Industry's arguments that considerations other than the health impacts of pollutants were cognizable could not overcome the directness of the above statutory text. For example, industry contended that a very stringent NAAQS might close down whole industries, thereby impoverishing the workers dependent on that industry and, in turn, reducing their health. A health-based standard such as the primary NAAQS should include these indirect impacts, industry asserted. The Court, however, pointed to numerous other CAA sections where Congress had explicitly allowed consideration of economic factors, concluding that had it intended to allow such factors under section 109(b)(1), it would have been more forthright - particularly given the centrality of the NAAQS concept to the CAA's regulatory scheme. Looking for such a forthright "textual commitment" of authority for EPA to consider costs, the Court found none. Its conclusion: section 109(b)(1) "unambiguously bars cost considerations from the NAAQS-setting process."
Nondelegation doctrine. The most controversial portion of the D.C. Circuit's majority opinion was its embrace of a long-moribund constitutional principle known as the "nondelegation doctrine." This separation-of-powers doctrine derives from Article I of the Constitution, which vests "[a]ll legislative Powers" in Congress. Not surprisingly, the Supreme Court reads this vesting provision loosely, recognizing that Congress routinely delegates quasi-legislative powers to non-Article I bodies. In particular, Congress frequently commits to the specialized expertise of executive-branch agencies the task of rulemaking in technical areas -- such as air pollution control. The nondelegation doctrine says that such delegations pass constitutional muster only if Congress gives the agency an intelligible principle to guide its exercise of that authority.
The majority opinion below found that EPA had construed CAA section 109 so loosely as to render it an unconstitutional delegation. The court agreed with the factors used by the agency to assess the public health threat posed by air pollutants. But, it said, EPA had articulated no intelligible principle for translating the factors into a particular NAAQS, nor is one apparent from the statute. Given that both ozone and particulates are non-threshold pollutants (adverse health effects occur at any concentration above zero), some public health threat has to be tolerated if EPA is to avoid shutting down entire industries. The agency, in the court's view, had articulated no standard for determining how much.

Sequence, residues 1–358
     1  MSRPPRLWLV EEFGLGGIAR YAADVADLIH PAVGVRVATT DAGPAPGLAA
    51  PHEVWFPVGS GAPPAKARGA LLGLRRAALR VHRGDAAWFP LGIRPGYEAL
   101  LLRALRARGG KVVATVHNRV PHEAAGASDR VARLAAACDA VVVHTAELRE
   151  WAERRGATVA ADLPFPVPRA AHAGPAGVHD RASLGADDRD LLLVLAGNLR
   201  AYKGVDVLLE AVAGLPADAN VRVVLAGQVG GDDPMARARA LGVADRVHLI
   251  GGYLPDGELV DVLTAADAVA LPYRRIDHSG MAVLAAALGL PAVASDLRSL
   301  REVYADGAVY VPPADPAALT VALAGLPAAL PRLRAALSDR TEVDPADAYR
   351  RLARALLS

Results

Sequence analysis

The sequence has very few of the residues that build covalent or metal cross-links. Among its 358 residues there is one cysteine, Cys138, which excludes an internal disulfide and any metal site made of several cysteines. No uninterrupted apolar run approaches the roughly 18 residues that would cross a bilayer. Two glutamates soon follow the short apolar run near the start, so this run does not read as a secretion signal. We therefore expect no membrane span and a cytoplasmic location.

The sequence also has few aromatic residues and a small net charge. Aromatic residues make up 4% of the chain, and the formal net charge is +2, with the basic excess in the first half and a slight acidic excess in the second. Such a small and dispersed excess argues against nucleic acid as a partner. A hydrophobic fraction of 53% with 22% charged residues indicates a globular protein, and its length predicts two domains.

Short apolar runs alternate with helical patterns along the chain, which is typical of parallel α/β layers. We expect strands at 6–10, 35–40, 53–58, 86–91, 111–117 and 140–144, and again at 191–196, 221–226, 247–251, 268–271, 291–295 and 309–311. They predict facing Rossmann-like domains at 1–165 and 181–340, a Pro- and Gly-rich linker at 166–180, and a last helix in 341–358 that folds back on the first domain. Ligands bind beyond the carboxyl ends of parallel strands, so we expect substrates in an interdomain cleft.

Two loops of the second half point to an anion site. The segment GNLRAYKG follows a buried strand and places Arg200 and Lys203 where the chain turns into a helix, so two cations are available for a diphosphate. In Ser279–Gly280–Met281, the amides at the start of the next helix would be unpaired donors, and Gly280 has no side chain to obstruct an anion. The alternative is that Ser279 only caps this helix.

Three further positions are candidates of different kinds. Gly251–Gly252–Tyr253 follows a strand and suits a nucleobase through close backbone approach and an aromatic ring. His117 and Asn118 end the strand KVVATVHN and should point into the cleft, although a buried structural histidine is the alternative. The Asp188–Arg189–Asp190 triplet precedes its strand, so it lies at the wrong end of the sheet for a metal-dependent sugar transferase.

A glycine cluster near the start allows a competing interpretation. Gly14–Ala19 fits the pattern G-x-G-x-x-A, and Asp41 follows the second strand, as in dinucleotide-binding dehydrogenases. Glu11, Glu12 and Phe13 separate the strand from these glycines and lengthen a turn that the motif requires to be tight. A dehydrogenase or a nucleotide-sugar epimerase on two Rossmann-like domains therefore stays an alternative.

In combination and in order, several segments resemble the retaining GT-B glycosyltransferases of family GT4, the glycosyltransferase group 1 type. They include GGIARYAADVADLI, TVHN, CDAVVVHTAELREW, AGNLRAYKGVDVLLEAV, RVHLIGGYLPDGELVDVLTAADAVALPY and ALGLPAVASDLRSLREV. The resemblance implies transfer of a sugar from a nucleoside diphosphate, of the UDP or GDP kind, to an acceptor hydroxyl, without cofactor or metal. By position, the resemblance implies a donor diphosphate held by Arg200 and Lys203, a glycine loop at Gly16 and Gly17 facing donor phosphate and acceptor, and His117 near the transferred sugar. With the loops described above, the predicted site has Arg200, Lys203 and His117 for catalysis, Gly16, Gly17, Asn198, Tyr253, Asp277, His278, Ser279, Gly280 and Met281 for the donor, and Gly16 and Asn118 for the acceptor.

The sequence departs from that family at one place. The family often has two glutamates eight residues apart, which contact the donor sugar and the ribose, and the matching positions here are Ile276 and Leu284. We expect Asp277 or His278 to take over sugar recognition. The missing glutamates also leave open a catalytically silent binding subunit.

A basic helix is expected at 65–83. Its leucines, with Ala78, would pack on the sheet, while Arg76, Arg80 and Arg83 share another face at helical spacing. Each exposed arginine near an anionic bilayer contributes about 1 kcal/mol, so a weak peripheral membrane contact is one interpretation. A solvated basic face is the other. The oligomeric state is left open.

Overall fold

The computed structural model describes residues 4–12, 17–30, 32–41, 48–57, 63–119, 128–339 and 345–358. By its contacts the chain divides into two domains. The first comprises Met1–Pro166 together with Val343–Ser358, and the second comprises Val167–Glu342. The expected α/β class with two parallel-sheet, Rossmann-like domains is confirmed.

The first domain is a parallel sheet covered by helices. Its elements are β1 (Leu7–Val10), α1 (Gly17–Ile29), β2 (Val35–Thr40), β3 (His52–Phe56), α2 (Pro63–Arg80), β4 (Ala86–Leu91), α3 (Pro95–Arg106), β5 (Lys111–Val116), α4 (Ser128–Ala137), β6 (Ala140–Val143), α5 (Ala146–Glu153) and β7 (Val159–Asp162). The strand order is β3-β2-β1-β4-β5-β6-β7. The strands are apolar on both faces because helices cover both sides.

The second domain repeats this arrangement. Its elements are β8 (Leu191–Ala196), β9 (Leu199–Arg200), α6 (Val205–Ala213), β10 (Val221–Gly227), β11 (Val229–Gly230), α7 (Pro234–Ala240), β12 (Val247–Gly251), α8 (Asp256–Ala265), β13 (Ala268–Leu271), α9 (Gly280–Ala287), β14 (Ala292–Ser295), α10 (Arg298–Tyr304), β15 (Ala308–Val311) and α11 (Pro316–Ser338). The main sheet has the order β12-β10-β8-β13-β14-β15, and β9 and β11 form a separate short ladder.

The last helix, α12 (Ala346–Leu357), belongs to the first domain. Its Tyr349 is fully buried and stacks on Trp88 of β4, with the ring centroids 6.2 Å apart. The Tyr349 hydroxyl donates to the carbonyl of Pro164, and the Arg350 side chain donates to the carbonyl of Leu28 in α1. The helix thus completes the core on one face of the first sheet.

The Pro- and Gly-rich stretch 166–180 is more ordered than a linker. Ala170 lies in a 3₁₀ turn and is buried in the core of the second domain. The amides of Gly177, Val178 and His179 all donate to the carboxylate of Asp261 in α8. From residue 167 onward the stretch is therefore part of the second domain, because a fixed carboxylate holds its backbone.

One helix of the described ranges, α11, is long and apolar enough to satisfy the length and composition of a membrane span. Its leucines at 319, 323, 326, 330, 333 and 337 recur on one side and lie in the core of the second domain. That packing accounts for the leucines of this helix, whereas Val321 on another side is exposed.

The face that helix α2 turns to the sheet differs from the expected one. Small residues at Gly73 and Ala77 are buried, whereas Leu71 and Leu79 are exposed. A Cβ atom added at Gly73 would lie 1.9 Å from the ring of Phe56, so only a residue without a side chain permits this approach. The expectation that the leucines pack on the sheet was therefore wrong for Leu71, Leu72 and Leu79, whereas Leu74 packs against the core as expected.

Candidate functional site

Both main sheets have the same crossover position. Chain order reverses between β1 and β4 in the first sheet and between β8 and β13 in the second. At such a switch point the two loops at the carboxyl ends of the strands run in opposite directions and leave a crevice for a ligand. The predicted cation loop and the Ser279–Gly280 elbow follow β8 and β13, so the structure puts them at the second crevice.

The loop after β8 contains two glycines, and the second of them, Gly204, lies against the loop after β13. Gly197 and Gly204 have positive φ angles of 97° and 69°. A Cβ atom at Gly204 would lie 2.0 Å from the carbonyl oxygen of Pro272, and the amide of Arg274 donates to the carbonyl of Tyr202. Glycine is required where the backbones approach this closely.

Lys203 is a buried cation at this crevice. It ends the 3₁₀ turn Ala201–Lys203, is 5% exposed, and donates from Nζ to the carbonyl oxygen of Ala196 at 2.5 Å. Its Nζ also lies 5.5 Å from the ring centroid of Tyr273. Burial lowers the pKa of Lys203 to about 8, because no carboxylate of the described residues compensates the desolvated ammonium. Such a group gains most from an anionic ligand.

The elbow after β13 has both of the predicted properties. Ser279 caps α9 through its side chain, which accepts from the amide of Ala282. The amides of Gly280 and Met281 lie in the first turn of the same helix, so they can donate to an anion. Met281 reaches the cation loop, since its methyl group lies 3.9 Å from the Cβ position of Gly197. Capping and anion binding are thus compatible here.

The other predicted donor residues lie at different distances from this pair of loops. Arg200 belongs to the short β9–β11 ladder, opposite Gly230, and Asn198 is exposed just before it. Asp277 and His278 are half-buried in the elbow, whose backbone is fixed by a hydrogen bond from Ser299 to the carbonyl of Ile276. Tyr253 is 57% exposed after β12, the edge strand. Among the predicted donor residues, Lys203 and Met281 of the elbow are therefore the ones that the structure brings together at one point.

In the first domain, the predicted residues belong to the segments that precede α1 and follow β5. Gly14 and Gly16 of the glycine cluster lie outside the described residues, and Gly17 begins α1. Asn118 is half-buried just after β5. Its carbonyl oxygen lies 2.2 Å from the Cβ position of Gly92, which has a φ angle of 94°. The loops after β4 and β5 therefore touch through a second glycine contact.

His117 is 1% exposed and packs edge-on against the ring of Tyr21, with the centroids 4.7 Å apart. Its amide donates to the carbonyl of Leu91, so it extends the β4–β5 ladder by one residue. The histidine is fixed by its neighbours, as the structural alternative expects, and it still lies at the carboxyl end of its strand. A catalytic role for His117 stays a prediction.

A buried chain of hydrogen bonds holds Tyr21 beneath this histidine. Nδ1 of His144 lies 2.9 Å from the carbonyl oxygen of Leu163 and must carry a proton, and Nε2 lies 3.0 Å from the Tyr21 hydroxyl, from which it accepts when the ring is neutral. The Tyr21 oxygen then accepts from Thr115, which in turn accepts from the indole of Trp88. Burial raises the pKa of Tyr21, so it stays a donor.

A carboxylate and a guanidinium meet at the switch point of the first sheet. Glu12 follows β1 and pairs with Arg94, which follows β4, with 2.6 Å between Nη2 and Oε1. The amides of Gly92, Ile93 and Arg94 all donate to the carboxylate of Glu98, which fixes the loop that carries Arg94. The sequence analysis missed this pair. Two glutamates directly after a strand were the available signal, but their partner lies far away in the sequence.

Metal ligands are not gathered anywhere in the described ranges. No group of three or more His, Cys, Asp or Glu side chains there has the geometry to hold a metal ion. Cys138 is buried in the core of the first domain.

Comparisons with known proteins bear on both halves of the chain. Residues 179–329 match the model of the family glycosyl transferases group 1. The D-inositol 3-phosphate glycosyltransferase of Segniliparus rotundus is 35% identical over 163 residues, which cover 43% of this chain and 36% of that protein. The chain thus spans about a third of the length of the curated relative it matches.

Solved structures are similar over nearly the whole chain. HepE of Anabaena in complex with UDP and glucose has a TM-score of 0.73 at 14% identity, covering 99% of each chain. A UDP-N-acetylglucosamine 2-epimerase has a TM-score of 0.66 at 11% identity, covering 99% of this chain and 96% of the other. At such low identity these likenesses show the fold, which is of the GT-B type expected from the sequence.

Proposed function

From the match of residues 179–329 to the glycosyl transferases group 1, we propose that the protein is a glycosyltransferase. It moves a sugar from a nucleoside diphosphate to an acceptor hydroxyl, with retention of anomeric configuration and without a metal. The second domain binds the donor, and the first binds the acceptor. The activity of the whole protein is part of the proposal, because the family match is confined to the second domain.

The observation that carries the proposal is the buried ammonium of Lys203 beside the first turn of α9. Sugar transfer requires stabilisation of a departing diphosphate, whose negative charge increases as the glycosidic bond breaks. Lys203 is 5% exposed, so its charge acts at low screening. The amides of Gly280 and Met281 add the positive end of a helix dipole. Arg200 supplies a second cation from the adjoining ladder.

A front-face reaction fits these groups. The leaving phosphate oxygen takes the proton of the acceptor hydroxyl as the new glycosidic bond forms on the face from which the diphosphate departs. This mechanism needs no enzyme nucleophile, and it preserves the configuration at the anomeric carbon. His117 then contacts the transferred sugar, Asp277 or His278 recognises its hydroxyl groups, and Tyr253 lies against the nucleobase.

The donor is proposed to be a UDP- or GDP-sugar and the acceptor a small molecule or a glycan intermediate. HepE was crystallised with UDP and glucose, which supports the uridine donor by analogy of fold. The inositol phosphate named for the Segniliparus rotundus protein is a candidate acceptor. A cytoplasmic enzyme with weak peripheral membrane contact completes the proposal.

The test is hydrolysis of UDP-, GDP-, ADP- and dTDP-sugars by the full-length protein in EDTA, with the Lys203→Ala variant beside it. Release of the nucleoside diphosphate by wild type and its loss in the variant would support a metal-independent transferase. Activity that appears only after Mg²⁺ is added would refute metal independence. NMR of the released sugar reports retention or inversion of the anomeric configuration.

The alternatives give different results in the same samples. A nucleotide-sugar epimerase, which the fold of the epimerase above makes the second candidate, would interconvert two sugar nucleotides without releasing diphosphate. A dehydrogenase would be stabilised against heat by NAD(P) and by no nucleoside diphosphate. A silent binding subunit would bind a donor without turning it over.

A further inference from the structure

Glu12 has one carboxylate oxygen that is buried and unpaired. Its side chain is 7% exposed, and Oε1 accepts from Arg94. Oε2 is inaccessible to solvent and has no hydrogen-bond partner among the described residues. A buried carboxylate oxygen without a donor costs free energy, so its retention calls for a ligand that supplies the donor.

In invoking the nondelegation doctrine, the D.C. Circuit drew considerable attention. It was the first time in 65 years that the nondelegation doctrine had been successfully used, and raised serious implications for how Congress delegates standard-setting authority to agencies generally. Commentators pointed to other federal statutes - such as the Corps of Engineers wetlands permitting program under the Clean Water Act, and the rulemaking authority conferred by the Occupational Safety and Health Act - as vulnerable to nondelegation-doctrine challenge, should the D.C. Circuit be affirmed on appeal.
The Supreme Court, however, reversed. The scope of discretion allowed by section 109(b)(1), the Court said, is "well within the outer limits of our nondelegation precedents." Under section 109(b)(1), primary NAAQSs are to set at levels "requisite" to protect public health - "requisite" being argued by the United States, and accepted by the Court, as meaning "sufficient, but not more than necessary." To be sure, acknowledged the Court, more guidance must be furnished the agency when the agency action is to have broad scope - as here, where the revised NAAQSs affect the entire U.S. economy. But even for sweeping regulatory schemes, the Court disclaimed any demand that statutes provide a "determinate criterion" for saying precisely how much of the regulated harm is too much. EPA may therefore be allowed discretion to determine how much of a public health threat from ozone and particulates (recall, they are non-threshold pollutants) it will tolerate at non-zero levels. (9)
Issues involving implementation of the revised ozone NAAQS. EPA lost, again unanimously, on two issues arising from its policy for implementing the revised ozone NAAQS in non-attainment areas. First, the Court rejected EPA's argument that the policy did not constitute final agency action ripe for review.
The Court then proceeded to the second issue: which CAA provisions govern the ozone nonattainment-area implementation policy. This calls for some background. The CAA imposes restrictions on nonattainment areas over and above those that the Act imposes generally. These additional nonattainment-area restrictions are found in Title I, Part D of the statute. Subpart 1 of Title D contains general nonattainment regulations that apply to every pollutant for which a NAAQS exists. Subpart 2 of Part D addresses ozone in particular. The dispute before the Court was whether Subpart 1 alone, or rather Subpart 2 or some combination of Subparts 1 and 2, controls the implementation of the revised ozone NAAQS in nonattainment areas. EPA, in its implementation policy, took the former, Subpart-1-only course. The problem it faced was that Subpart 2 contemplated a 1-hour ozone NAAQS, reflecting the ozone standard existing when Subpart 2 was enacted in 1990. The revised ozone NAAQS, however, embodied an 8-hour standard. Thus, some Subpart 2 provisions - in particular, the nonattainment-area classification scheme that identified the requirements to be imposed depending on an area's degree of nonattainment - did not fit the new ozone NAAQS.